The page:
- Except as to liability coverages, failing to settle claims promptly, when the obligation to settle a claim has become reasonably clear, under one portion of the insurance policy coverage in order to influence settlements under other portions of the insurance policy.
Attorney Fees – Assignment of Benefits (AOB): This section builds on 2019 AOB Reform passed by the Florida Legislature that has not been as effective as desired. It intends to close loopholes that have allowed contractors to make an end-run around AOBs using Directions to Pay or other designees, such as attorneys themselves.
- Prohibits assignment of the right to obtain attorney fees in suits arising out of a property insurance policy to persons other than a named or omnibus insured or a named beneficiary under the policy. Result is that assignment agreements may occur, but the assignee vendor will no longer be able to recover attorney fees in suits against an insurer. Applies to property insurance lawsuits brought by vendor assignees against authorized insurers and surplus lines insurers.
- Eliminates statutory language detailing the methodology for awarding attorney fees to plaintiffs or defendants in litigation brought by an assignee of benefits under a property insurance policy. The language is no longer necessary because the bill prohibits assignment of the right to recover attorney fees in suits arising out of a property insurance policy.
Attorney Fees – Fee Multipliers: This is a renewed attempt to put the brakes on a growing abuse of attorney fee awards, through Contingency Risk Multipliers. It provides that a strong presumption is created that a lodestar fee (billable hours x reasonable hourly rate) is sufficient and reasonable in judgements or decrees against insurance companies. Florida is the only state, based on a past judicial decree, that doesn’t follow the federal lodestar standard. (See Florida Appeals Court Slashes $600,000 Attorney Fee on $52,000 Claim)
- Creates a new standard for the award of an attorney fee multiplier in property insurance litigation. The bill creates a presumption that in property insurance cases, attorney fee awards based on the Lodestar methodology are sufficient and reasonable. Attorney fee multipliers may only be awarded under rare and exceptional circumstances with evidence that competent counsel could not be hired in a reasonable manner.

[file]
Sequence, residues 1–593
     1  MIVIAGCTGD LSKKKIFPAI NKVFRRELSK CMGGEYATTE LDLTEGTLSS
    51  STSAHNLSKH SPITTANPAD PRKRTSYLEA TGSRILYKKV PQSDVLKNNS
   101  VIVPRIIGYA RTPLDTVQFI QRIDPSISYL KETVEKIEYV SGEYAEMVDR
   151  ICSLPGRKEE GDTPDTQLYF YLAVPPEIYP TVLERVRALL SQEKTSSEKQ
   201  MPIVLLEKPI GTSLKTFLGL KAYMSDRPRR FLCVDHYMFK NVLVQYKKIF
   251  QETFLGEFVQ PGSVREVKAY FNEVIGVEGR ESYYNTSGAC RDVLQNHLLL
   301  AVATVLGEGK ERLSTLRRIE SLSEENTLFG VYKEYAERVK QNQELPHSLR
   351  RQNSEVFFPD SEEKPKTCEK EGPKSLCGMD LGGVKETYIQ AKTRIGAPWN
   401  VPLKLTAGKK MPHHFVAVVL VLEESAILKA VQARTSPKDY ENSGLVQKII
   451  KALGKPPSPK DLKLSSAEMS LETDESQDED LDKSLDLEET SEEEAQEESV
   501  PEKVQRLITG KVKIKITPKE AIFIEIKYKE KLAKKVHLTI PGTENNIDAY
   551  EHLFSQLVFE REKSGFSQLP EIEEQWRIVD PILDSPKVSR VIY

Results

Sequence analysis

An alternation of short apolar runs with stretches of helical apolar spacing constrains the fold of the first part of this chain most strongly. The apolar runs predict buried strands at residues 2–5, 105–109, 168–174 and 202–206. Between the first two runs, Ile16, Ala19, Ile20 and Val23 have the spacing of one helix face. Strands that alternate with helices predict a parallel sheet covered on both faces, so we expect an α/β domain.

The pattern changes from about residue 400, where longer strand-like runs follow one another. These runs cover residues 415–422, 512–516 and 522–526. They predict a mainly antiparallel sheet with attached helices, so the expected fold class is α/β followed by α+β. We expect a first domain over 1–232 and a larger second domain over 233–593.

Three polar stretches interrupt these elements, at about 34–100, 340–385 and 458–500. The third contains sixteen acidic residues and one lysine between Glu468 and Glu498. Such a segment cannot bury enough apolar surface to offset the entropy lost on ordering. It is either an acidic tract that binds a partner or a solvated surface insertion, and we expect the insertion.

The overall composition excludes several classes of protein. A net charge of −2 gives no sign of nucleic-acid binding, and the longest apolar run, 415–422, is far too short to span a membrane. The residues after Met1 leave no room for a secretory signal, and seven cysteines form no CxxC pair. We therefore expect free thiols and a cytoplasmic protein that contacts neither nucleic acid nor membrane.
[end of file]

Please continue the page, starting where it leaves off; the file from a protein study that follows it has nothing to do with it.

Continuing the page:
- Allows a court to award attorney fees when a first-party claimant’s property insurance suit is dismissed without prejudice for failure to provide a Notice of Intent to Initiate Litigation.
Attorney Fees – Dismissal for Failure to Provide Notice:
- Provides that a defendant insurer may obtain attorney fees and costs associated with securing a dismissal without prejudice for failure to provide the required Notice of Intent to Initiate Litigation at least 10 days before filing a suit against a property insurer.
Assignment of Benefits (AOB):
- Revises the definition of “assignment agreement” to include assignments executed by a party that inspects the property, clarifies that public adjuster fees are not an assignment agreement, and clarifies the requirement to provide a Notice of Intent to Initiate Litigation before filing suit.
- Requires that a valid AOB must specify that the assignee will hold harmless the assignor from all liabilities, including attorney fees.
Regulation of Insurers and Insurer Transparency: This section would improve insurance company accountability and create a new insurance company stability unit within the Office of Insurance Regulation (OIR) to increase regulatory oversight, with a focus on the financial stability of companies. It also addresses concerns raised in this past week’s article When Florida’s property insurers fail, few ask why.
- Requires the OIR to publish all orders, specified insurance industry data, and reports issued by the newly created Property Insurance Stability Unit.
- Specifies that publication of the annual statistical report must be done by July 1 of each year and requires the OIR to include within that report an analysis of the availability of reinsurance to domestic insurers selling homeowners’ and condominium unit owners’ insurance in Florida.
- Requires that the OIR include within its annual report additional data regarding insurers against which delinquency or similar proceedings were instituted, a concise statement of the circumstances that led to each insurer’s delinquency, a summary of actions taken by the insurer and the OIR to avoid delinquency, and that results or status of each delinquency proceeding.
- Requires the OIR to maintain and make available upon request reports relating to the health of the homeowners’ and condominium unit owners’ insurance market that include specified information regarding market trends and the percentage of policies written by voluntary carriers and Citizens Property Insurance Corporation.